Profiles of the Diaspora: Selma Turki


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There are approximately 20 million citizens of the Middle East and North Africa region living abroad. For their countries of origin and the region as a whole, they represent a potential goldmine of knowledge, skills and business networks that remain largely untapped. A new World Bank report Mobilizing the Middle East and North Africa Diaspora for Economic Integration and Entrepreneurship makes the case for regional governments to partner with their diaspora as they can be a source of much more than remittances alone. This blog series aims to introduce readers to individual members of the diaspora, to put a human face on the vast potential they represent. 
Selma Turki
“I firmly believe in Tunisia and in her human potential.”

Born in Tunisia, Selma Turki left her native country for France when she was two. She returned to Tunisia for high school and to pass her Baccalaureate. She studied architecture for two years at the Paris Ecole des Beaux Arts before moving to Canada to pursue her studies in computer science. She also accomplished leadership and management education at Henley Business School (UK) and Berkeley (US).
After completing her studies, she stayed on in Canada and went to work for IBM. After only three years and already on a management track, IBM transferred her to Belgium where she was asked to help expand the IBM footprint in the Service management arena. Between 2000 and 2009 Selma took several World-Wide as well European business and leadership positions driving services and or alliances for IBM.
In 2009, when IBM shifted its focus on growth markets, based upon her skills and background, she was asked to also shift her focus to regional growth markets developing in the Middle East and Africa (MEA) service offerings for IBM Global Technology Services (GTS). She led a team that developed, enabled and deployed key focused offerings and assets. Most recently, and after the ‘Arab Spring’, Turki was assigned to head the IBM IT Services Business unit for the North West Africa region where she also helped build a strong business case for the setup and deployment of regional services in business continuity and resiliency. By accepting that challenge, she helped open the doors for IBM as a key vendor for the deployment of asset based offerings and solutions. One of her missions was to build and manage a multidisciplinary and multicultural team of IT sales and consulting professionals to support an IBM presence in such key areas as cloud computing, data security and mobility and datacentre and IT service management and also to help develop a strong ecosystem in the services arena. In this context, she was instrumental in helping IBM win several major tenders for key global and regional clients. She has attended a number of global events and conferences as a guest and keynote speaker.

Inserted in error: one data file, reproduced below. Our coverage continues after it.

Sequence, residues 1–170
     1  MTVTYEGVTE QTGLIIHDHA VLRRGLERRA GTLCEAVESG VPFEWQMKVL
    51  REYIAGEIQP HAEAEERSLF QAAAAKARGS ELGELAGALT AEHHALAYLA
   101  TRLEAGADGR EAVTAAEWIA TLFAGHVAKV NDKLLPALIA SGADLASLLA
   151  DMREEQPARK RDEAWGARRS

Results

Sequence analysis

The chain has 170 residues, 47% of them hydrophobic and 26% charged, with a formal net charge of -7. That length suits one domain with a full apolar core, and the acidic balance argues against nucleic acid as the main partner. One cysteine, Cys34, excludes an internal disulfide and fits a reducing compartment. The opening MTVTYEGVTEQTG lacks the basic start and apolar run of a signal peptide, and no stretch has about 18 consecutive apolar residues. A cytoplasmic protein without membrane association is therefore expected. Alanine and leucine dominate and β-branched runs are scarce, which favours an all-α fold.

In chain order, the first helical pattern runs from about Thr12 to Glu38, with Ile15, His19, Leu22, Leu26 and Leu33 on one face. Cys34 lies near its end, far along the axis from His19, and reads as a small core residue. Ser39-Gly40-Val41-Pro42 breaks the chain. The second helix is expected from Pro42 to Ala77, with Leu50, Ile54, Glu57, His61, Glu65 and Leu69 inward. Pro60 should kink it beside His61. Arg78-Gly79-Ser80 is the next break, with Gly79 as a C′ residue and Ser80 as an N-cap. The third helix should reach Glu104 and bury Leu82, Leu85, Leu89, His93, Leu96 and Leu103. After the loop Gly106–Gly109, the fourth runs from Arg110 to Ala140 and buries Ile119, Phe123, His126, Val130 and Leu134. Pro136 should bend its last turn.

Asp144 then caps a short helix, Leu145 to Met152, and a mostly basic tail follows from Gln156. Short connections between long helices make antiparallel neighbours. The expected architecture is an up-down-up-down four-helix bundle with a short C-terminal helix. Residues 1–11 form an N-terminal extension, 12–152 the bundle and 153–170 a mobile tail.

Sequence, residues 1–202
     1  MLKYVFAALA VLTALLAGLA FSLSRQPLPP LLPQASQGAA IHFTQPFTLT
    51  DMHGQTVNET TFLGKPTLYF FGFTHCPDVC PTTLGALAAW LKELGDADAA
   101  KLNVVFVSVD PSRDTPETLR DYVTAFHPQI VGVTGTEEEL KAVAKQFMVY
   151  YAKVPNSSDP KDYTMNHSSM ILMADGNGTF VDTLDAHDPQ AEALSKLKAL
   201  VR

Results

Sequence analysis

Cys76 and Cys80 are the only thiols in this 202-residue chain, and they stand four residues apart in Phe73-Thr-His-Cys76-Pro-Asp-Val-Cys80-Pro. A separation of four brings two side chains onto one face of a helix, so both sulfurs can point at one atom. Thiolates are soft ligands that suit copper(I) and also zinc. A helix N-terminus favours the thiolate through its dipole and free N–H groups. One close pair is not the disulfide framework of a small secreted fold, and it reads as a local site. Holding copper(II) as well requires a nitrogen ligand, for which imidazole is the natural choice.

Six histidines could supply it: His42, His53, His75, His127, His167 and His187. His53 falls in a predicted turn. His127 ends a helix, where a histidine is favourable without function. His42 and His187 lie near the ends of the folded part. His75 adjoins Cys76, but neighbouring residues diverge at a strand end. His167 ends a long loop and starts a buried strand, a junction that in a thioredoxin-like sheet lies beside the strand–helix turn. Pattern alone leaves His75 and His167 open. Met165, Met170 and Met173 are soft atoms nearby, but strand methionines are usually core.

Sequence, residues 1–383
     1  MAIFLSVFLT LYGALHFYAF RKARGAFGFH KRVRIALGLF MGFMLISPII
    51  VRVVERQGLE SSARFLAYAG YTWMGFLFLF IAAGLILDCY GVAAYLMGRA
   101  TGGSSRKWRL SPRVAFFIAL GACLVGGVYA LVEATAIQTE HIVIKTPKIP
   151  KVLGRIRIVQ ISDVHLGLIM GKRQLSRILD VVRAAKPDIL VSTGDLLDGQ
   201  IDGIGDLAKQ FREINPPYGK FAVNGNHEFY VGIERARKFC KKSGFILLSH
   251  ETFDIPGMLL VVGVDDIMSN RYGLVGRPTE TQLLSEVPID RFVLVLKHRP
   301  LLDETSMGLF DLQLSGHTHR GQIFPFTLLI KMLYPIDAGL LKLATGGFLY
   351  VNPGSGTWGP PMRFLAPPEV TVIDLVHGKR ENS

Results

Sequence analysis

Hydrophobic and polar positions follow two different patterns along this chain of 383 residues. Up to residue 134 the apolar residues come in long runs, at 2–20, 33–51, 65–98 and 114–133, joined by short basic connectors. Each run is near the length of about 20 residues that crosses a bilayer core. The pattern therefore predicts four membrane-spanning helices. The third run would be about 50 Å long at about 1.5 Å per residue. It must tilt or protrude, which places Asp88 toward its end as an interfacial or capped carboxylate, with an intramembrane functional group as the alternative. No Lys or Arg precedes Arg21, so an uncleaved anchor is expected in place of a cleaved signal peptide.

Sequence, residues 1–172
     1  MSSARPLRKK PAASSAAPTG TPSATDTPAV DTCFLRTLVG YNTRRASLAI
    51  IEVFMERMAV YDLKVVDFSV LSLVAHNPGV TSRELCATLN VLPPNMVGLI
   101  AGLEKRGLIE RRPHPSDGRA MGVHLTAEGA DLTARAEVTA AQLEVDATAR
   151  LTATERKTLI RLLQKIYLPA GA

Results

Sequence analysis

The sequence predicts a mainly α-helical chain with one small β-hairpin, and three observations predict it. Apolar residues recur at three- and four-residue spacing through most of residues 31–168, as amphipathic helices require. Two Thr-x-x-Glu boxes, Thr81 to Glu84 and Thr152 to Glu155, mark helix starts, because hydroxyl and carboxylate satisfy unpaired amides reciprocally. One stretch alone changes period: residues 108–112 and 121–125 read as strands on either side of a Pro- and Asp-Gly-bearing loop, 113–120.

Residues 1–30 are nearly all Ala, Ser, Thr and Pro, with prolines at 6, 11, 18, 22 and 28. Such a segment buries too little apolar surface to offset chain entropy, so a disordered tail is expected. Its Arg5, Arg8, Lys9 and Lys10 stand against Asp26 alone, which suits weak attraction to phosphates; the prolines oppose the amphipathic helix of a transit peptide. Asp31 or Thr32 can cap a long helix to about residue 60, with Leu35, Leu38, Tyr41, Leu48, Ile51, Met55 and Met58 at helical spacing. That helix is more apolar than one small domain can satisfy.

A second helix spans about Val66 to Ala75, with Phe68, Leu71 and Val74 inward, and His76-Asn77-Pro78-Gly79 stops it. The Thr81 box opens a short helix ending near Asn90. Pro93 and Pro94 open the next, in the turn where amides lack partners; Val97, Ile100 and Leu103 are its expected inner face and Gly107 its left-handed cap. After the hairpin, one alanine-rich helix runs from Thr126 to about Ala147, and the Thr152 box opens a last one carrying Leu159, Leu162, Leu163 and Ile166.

Turki has participated in numerous seminars and conferences in Tunisia, Algeria and Morocco on technology transfer, the development of the cloud computing ecosystem, security issues for Africa and the critical aspects of datacentre resiliency. Beyond her professional commitment as an interdisciplinary team leader, Turki is the cultural diversity leader for the Benelux region. For four years consecutively, she has been successful in developing activities within IBM as well as sponsoring non-profit organizations supporting youth education and mentoring. She is a volunteer coach for young professionals of diverse cultural backgrounds both within and outside her organization. In addition, Turki volunteers time to work on computer literacy with recent immigrants as a member of the IBM on-demand community, Global Initiative.
Selma Turki strongly believes in Tunisia and in the country’s human potential in the IT sector in general where she believes Tunisia could become a major actor not only in Africa but also potentially in the Mediterranean Basin as well.

Join the Conversation

Batshur Gootiiz
April 10, 2017

This is a great article! I do believe diaspora can support the prosperity of the developing countries. In fact they are large resources to tap in for investments, knowledge transfer and technical skills. But for many developing countries, it is true that governments have not yet utilized their diaspora resources fully! Is the World Bank helping governments to set up a good partnership model or policy? Examples would be great!

M. Malouche
April 11, 2017

Thank you for your valuable feedback. Yes, the World Bank does engage with governments, often at their request and for specific and varied actions such as setting up a diaspora bond in selected African countries, an angel investors platform for the Caribbean countries, a research exchange program in Poland, a funding mechanism for early seed finance in Morocco, etc. In MENA, the World Bank will initiate a dialogue with interested governments to see how to better mobilize their diaspora.